Πέμπτη, 20 Μαρτίου 2008



There is still a lot of catching up to do, so I'll try to condense things.

First of all, I don't think I mentioned what the strikes (still going strong by the way) are about.

From what I could gather through all the general yelling on TV and with people whenever I broach the subject in public, the Greek government is trying to make the pension system more efficient by reducing the number of pension plans through various mergers. Namely, we currently have about a hundred pension plans, and after they have been merged we should have about 14.

To be honest, this sounds like a rather reasonable plan to me, a good way to simplify things and reduce costs. But of course, many people complain that this will make things worse instead of better, and that those who have good pension plans now will have worse ones. Since I usually tend to root for the underdog, I am thinking more of all the people for whom this might be an improvement, but it is true I do not have a pension plan here, so it's easy to be generous with other people's money.

But I digress. I also forgot to mention that during the strikes, the trash does not get picked up. At all. We now have piles of stinking trash rising steadily all over town. Thank god it's not summer. I have included a couple of pictures in this email, so you can see what the city is starting to look like. I especially like the 2nd one. Notice how the Greek flag is slowly being swallowed up by trash? Clearly, the European flag is next. Maybe it's just me, but I thought this was a highly symbolic picture.

I shouldn't complain, though. A few weeks ago, the same thing happened in Italy. In Naples, the piles of trash had apparently reached the second floor windows. So overall, I'd say we're doing pretty good, here in Greek-land!

Now, I don't know if you heard, but back in January/February, it snowed quite a bit in Athens. Not only that, but the snow actually held, reaching about 7 or 8 inches deep for a couple of days - even in my usually warm Southern suburbs! (I'm including a picture of my balcony.) I'm sorry I don't have the picture to prove it, but the beach was actually covered in snow. It looked a little like Greenland, except with palm trees.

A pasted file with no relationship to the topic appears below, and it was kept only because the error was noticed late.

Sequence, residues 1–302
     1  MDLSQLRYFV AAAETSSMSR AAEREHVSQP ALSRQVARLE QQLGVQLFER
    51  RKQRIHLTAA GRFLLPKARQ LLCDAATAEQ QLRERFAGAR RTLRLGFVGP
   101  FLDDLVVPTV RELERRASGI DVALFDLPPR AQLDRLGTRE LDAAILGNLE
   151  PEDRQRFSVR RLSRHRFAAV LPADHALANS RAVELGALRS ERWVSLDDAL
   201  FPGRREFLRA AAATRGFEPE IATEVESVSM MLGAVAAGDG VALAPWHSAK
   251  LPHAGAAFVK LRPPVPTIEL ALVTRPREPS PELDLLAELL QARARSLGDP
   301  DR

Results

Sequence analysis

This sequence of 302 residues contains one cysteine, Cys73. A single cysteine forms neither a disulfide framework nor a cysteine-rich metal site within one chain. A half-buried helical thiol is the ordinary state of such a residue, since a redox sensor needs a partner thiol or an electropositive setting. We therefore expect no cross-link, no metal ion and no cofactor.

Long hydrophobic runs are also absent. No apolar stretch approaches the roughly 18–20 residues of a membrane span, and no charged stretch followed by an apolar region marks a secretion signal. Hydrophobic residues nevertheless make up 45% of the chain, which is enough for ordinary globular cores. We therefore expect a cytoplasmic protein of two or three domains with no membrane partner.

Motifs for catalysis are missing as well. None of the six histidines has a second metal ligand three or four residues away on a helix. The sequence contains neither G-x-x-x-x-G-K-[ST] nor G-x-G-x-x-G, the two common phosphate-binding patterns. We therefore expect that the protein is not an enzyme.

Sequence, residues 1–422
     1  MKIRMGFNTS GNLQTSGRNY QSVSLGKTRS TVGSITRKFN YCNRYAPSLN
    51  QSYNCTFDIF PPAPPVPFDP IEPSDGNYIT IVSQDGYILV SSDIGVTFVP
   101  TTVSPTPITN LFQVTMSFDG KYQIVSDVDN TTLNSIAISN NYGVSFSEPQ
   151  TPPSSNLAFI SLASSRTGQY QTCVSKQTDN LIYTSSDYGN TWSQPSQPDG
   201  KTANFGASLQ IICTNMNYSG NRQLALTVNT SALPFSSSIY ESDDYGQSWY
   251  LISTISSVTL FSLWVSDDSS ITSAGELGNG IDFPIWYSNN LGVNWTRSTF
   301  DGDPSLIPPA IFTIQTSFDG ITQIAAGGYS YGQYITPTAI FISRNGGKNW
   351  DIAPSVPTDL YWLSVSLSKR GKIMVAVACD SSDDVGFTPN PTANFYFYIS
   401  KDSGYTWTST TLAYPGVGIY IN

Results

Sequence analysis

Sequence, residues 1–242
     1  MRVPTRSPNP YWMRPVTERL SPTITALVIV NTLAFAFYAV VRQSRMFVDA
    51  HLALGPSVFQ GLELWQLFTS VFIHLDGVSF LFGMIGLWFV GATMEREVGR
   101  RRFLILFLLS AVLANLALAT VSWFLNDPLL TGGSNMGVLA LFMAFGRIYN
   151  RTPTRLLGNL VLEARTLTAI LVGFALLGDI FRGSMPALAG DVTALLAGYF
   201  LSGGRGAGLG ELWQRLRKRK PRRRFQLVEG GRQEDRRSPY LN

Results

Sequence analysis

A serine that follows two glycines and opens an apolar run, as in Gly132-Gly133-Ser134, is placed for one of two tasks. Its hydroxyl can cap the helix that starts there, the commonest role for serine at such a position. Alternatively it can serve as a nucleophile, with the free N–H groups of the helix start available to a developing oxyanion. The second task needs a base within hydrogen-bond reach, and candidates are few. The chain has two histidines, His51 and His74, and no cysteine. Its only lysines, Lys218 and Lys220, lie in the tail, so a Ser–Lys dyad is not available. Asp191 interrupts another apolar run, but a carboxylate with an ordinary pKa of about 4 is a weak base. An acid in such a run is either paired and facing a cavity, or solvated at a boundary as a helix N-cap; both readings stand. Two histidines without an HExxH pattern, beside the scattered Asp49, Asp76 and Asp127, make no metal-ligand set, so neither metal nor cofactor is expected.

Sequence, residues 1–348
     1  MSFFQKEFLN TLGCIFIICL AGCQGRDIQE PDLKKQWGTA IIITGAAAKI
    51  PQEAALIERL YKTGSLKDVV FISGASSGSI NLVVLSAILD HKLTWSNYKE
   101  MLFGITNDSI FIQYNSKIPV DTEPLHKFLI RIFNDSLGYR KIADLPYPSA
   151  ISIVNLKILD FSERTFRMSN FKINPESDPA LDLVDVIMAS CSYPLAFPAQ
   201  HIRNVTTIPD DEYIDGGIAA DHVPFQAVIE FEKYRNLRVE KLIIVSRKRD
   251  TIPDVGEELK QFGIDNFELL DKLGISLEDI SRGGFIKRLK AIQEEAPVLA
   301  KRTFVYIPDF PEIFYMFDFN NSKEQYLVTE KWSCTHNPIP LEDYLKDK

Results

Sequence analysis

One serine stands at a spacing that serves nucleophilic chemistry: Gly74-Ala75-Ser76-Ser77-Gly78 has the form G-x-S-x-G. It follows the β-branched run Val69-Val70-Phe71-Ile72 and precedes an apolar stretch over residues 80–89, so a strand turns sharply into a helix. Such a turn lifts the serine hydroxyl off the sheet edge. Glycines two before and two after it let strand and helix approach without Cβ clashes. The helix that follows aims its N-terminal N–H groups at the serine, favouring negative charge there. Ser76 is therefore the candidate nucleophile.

Of course, the Greeks used the opportunity to close everything down again: schools, public services, post offices… I don't remember getting one single day off from school during the much harsher winters in Belgium, when there was snow up to our knees. But in their defense, Greeks hate being cold, and the schools are apparently terrified that the pipes might freeze over and the little cherubs might catch their deaths. Knowing what an angry Greek parent can look like, I rather understand them.

As for my nationality, I went back to the town hall, and they did register me [the strike apparently relented for 1 day, so some worker was bored enough to stamp my paperwork]. All that remained for me to do in order to obtain an ID card was go to the police station [by appointment only]. I had to bring the town hall's paper, the government's paper stating that I am Greek, 4 black & white photos and my poor grandma as a witness - to WHAT, I'd like to know. Clearly another case of the Greeks not trusting their own government, yet trusting the word of a total stranger, and a biased one at that.

So to the police station we went with my little grandma, whom I practically had to hoist up a very steep flight of stairs - for who needs an elevator in a police station? Probably an economical way of keeping their police officers fit. I should also mention that police stations in Greece usually have a guard armed to the teeth stationed at the door, asking you what your business is before letting you in.

I'm not kidding. These guards are literally dressed in full combat gear, with a bullet proof vest, combat boots and a giant firearm to match. I know strictly zero about weapons, but to my untrained eye it looks rather like a Kalashnikov. I do not know exactly what vicious attack they are there to prevent in my peaceful suburb, but it certainly makes one feel less safe to see them armed like that, wondering where the threat is coming from. Probably other would-be terrorist photographers such as myself.

Unfortunately, I don't have a picture of this either, for I am not risking imprisonment AGAIN for you, guys - remember my little adventure with the DANGEROUS PHOTOGRAPH??... For those of you who don't, there now is a blog with all my newsletters, complete with photos AND your comments too! [http://atouchofgreece.blogspot.com/]

Anyway, we got into the IDs office and the guy made me fill out a couple of forms. Which is when I realized that Laura Neri was apparently too foreign a name for the town hall people, and I had been rebaptized Lora Nerh.

Short history of Greece and names. About 99% of the population in Greece is Christian Orthodox. Priests/churches supposedly will only baptize your child if his/her name is a recognized name, a.k.a. in the Bible. [Although that is rather flexible, since most ancient Greek and mythological names aren't, yet have been extremely popular lately.] Clearly, whoever registered me at the town hall decided that Laura was too pagan a name and decided to change it to a more acceptable one. The 'h' is just the Greek way of writing 'i' in this case.